Moscow Attack Fallout: Russia’s Allegations Against West and Kyiv

Moscow Attack Fallout: Russia's Allegations Against West and Kyiv

Moscow Attack Fallout: Russia’s Allegations Against West and Kyiv

Top Russian officials have directly accused Ukraine and the West of involvement in the deadly Moscow concert hall attack, which was claimed by the Islamic State (IS) group.

IS released a video of the atrocity, prompting Vladimir Putin and two close allies to claim that jihadists were aided by Western and Ukrainian intelligence.

However, Ukraine has vehemently rejected Russia’s accusations as “lies”.

The situation is further complicated by the fact that the US had warned Russia of an imminent attack 15 days before the incident.

According to Russian authorities, 139 people were killed when four armed men stormed the Crocus City Hall concert complex on Friday evening, with another 22 remaining in serious condition, including two children.

Four citizens of Tajikistan have appeared in court, accused of carrying out the massacre, while four others are accused of aiding terrorism.

Ukrainian presidential adviser Mykhailo Podolyak dismissed Russia’s claims, asserting the indisputable facts regarding the perpetrators and criticizing the incompetence of Russian security services. Western countries have also ridiculed the Kremlin’s narrative.

During a televised meeting, Putin acknowledged that the crime was committed by radical Islamists and emphasized the need to identify those behind it. However, he continued to propagate unfounded claims, suggesting a link between the attackers and Ukraine.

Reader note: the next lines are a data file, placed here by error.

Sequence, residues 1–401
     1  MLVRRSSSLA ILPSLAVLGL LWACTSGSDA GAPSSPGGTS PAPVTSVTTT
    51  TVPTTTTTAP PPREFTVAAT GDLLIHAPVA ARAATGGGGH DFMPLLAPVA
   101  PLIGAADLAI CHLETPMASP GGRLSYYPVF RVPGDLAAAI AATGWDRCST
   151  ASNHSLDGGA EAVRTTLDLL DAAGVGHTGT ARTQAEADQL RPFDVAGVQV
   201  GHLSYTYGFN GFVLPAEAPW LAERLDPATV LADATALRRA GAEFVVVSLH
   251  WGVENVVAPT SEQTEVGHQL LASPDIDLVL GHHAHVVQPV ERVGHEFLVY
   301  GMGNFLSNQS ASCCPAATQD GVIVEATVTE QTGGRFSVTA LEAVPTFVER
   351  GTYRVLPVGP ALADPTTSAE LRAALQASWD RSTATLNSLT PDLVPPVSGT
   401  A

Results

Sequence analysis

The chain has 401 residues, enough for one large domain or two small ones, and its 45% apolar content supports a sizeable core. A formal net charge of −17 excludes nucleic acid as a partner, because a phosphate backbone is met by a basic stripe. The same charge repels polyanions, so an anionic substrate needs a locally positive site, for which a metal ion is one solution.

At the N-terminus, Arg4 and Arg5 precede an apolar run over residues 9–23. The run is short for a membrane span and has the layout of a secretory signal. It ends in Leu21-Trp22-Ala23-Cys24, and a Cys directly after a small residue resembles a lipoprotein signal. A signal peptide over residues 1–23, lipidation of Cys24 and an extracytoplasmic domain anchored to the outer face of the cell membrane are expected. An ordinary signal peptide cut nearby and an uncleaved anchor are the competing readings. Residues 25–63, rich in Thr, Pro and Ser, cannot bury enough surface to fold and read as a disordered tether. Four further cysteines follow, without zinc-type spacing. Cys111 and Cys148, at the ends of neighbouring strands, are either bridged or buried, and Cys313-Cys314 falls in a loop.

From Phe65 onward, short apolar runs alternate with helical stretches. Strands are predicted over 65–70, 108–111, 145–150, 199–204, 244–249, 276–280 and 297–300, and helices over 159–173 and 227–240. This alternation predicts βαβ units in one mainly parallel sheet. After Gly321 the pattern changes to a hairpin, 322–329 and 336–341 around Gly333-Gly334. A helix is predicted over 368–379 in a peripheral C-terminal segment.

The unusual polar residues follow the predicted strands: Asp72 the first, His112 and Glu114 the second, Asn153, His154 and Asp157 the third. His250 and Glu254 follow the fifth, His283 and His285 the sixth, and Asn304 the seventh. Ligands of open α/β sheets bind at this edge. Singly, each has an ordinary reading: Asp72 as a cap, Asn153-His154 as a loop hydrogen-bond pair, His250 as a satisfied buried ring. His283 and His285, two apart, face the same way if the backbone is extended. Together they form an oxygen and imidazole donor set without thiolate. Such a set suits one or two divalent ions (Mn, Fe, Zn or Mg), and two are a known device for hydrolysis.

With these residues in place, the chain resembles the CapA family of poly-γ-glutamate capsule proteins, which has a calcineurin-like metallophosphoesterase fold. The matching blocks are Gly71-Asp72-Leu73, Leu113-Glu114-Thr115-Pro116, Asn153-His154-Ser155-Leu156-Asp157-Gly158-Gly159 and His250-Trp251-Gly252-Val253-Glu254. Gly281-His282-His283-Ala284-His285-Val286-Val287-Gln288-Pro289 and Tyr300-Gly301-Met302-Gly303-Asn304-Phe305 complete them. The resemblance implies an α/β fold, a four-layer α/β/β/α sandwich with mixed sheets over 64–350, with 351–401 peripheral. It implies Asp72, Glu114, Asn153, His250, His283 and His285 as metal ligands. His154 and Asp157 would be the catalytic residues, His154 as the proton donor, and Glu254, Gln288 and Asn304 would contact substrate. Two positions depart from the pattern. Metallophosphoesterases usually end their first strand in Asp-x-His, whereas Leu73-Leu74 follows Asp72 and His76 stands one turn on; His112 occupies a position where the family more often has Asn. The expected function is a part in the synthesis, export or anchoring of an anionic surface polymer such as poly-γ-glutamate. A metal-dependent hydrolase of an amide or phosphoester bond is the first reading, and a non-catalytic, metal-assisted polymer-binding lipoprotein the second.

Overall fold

One of Putin’s closest allies, security council secretary Nikolai Patrushev, echoed Putin’s sentiments by unequivocally blaming Ukraine for the attack. The head of Russia’s FSB security service, Alexander Bortnikov, went further, alleging direct involvement of Western special services and Ukrainian intelligence in facilitating the attack.

Ukrainian President Volodymyr Zelensky condemned Putin’s accusations as baseless and cynical.

Belarusian leader Alexander Lukashenko, a Putin ally, cast doubt on Russia’s narrative by suggesting that the attackers attempted to enter Belarus before realizing it was not possible.

The US and France have attributed sole responsibility for the attack to IS, dismissing Russia’s attempts to implicate Ukraine. Italian Foreign Minister Antonio Tajani criticized Putin’s motives, stating that the videos of the attack and multiple IS claims confirm the group’s involvement.

The attack occurred shortly after the US embassy warned of imminent plans by extremists to target large gatherings in Moscow. Despite this warning, Putin had previously dismissed it as provocative.

Amid heightened security concerns in Western Europe, France announced the deployment of 4,000 extra soldiers, with Interior Minister Gérald Darmanin highlighting the resurgence of the external IS threat.

Germany announced temporary border controls for the European Championships, while Turkey reported the arrest of 147 individuals suspected of IS links in simultaneous raids across 30 cities. Italy intensified security measures ahead of the Easter holidays but assured the public of no concrete risks.


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